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Discussion Starter #3 (Edited)
Have you actually checked the oil pressure .Gauges are not very expensive .Could be oil pressure is in fact marginal at times .For reference a good oil pressure at tick over is 2bar and rising To 4 bar at 2000 rpm .
Good Spot, the actual pressure is something I've not yet checked. thanks for the quick reply, pressure gauge ordered 👍
 

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That oil pressure was on my van 160,000 mile and the reading was with cold oil .Would be a bit lower with hot oil .Maybe a heavier oil required .These vans predate widespread use of lighter viscosity synthetics after all .
 

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Discussion Starter #5 (Edited)
So once the engine was warm the tick-over pressure was 2 bar and at approx 2000 rpm the gauge was showing 3.6 bar. The pressure appeared pretty stable. I also checked the pressure switch which was actually the grey one so its got a switching pressure of 0.9 bar.

So from what I'm seeing, at least stuck on the drive, the engine looks ok for 209,000 miles and with the a 0.9 bar switch it look like purely on numbers I'm ok. So why is the damn thing so random?

I did even try jiggling the wires around between the fusebox and the cluster but nothing, stable as you like.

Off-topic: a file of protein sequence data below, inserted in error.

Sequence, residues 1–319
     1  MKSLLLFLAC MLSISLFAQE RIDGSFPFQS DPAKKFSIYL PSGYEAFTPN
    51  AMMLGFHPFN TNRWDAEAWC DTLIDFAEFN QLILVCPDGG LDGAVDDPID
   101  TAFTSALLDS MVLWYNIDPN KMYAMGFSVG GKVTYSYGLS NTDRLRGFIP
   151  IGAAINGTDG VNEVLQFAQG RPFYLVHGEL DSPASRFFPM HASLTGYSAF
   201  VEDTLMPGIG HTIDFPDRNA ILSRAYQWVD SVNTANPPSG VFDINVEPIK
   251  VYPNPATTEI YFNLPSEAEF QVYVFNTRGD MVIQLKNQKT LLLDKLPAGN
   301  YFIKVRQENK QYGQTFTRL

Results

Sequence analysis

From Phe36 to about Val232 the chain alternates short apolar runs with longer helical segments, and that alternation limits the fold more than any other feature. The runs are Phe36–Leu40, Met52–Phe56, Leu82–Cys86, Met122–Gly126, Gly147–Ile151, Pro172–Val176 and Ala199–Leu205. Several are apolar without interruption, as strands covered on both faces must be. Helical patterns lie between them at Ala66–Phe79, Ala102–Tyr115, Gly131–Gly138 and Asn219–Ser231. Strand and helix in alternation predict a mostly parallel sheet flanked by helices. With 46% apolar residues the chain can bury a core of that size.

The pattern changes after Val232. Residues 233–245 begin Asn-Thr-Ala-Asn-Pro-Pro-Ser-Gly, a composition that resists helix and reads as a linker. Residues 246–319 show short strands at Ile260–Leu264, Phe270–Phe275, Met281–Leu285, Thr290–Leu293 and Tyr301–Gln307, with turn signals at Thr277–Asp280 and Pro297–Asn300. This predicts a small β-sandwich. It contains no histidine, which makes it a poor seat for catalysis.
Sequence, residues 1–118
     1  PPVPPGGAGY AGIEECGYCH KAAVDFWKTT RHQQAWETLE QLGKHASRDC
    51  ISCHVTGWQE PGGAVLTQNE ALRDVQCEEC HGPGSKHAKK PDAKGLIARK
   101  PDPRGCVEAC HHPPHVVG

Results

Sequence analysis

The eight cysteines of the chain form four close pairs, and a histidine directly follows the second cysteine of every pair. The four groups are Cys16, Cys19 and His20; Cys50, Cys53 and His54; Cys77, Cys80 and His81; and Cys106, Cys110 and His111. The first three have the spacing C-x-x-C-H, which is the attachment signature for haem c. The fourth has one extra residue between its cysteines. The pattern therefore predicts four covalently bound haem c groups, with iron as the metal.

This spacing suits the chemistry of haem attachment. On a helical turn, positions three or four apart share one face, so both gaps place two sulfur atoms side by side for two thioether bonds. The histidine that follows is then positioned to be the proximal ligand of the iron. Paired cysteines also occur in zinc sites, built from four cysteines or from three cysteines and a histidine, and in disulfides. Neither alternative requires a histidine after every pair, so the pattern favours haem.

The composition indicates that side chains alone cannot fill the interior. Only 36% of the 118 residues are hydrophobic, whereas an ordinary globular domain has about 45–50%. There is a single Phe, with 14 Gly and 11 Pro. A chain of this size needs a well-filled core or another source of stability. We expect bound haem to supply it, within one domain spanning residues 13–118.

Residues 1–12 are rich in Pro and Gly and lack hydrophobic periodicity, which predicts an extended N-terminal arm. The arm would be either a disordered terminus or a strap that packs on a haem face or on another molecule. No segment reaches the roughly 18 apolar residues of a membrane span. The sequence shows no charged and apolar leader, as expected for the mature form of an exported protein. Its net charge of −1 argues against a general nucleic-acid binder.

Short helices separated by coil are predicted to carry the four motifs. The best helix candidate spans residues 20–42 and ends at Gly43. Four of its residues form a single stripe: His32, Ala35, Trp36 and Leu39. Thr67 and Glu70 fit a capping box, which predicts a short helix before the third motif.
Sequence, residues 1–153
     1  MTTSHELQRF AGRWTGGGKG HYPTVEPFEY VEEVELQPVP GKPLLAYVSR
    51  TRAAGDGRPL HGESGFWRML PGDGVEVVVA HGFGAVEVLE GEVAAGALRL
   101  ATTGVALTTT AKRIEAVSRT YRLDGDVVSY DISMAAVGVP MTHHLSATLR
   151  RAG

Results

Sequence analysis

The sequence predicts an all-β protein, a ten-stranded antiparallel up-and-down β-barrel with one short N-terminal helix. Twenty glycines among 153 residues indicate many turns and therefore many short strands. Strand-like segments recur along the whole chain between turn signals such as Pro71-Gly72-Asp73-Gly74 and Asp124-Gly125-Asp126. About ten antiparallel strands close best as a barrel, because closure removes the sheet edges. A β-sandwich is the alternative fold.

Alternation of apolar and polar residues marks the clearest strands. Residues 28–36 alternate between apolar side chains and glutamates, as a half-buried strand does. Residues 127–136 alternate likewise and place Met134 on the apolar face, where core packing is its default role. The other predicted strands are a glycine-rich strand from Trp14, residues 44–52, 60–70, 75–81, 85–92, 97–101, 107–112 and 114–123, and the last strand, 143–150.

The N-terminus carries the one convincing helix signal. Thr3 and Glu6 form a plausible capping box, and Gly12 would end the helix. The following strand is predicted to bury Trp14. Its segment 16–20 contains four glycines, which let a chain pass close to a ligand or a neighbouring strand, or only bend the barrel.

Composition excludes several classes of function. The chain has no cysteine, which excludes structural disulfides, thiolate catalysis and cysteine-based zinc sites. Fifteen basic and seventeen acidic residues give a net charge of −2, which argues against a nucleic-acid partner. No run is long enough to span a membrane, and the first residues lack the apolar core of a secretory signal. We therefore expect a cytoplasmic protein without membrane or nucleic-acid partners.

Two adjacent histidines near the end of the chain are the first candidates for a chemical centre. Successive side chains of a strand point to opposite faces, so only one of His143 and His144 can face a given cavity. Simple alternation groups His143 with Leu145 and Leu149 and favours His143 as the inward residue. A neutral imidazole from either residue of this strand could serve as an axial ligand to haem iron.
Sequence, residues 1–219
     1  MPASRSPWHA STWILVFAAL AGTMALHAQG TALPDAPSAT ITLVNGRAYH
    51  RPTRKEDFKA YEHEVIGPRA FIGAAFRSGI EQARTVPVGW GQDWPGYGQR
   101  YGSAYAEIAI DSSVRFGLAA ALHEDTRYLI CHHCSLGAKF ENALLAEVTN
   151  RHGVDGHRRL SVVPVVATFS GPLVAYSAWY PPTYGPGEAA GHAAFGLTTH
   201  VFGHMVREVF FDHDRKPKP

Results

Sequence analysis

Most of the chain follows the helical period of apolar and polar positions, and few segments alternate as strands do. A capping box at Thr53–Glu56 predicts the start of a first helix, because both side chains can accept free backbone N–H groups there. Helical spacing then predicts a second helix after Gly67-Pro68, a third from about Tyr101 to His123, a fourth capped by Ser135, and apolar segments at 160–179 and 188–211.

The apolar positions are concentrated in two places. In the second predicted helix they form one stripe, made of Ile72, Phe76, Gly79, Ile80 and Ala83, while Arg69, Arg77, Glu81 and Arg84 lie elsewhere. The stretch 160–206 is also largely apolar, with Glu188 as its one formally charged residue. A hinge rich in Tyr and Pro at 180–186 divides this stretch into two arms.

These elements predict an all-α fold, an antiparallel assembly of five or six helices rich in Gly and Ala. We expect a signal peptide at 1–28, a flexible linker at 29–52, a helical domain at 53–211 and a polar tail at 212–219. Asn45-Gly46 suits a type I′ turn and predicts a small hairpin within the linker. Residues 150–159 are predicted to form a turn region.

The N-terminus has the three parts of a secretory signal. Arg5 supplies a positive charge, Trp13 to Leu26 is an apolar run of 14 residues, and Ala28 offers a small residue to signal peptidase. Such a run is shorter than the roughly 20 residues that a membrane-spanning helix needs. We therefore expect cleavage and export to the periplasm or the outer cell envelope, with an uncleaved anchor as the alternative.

So I think the next step is to rule out any actual pressure drops causing there issue by fooling the instrument cluster into seeing constant pressure above 0.9 bar. So as its a normally open switch, if memory serves me correct, I need to earth the yellow wire.

This should tell me whether its an electrical fault or not

any feedback on my approach is greatly received as auto electrics is not my thing. Give me a big Aircraft any day
 

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Oil pressure is good in fact ,and that is what matters Dont think any actual fall in pressure is causing the warning to work .Must be some electrical gremlin .This good oil pressure indicates that the engine is actually in good shape .
 

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Discussion Starter #7
todays episode, My brain hurts

So I've earthed the yellow high pressure cable to earth and left the pressure switch floating. I've now been out for a good long drive (essential journey) and nothing. Quiet as a mouse. In my simple head this tells me its either a signal quality issue from the sensor or its actually momentary loss of pressure. But the engine feels good and thanks to bournricha I now know the pressure is good.

I'd love to see the electrical schematic for the DOP electrics as I would assume it has some form of passive filtering to "smooth" out any electrical noise and maybe a timer to check whether its actually a pressure drop or not. Or am I over thinking this?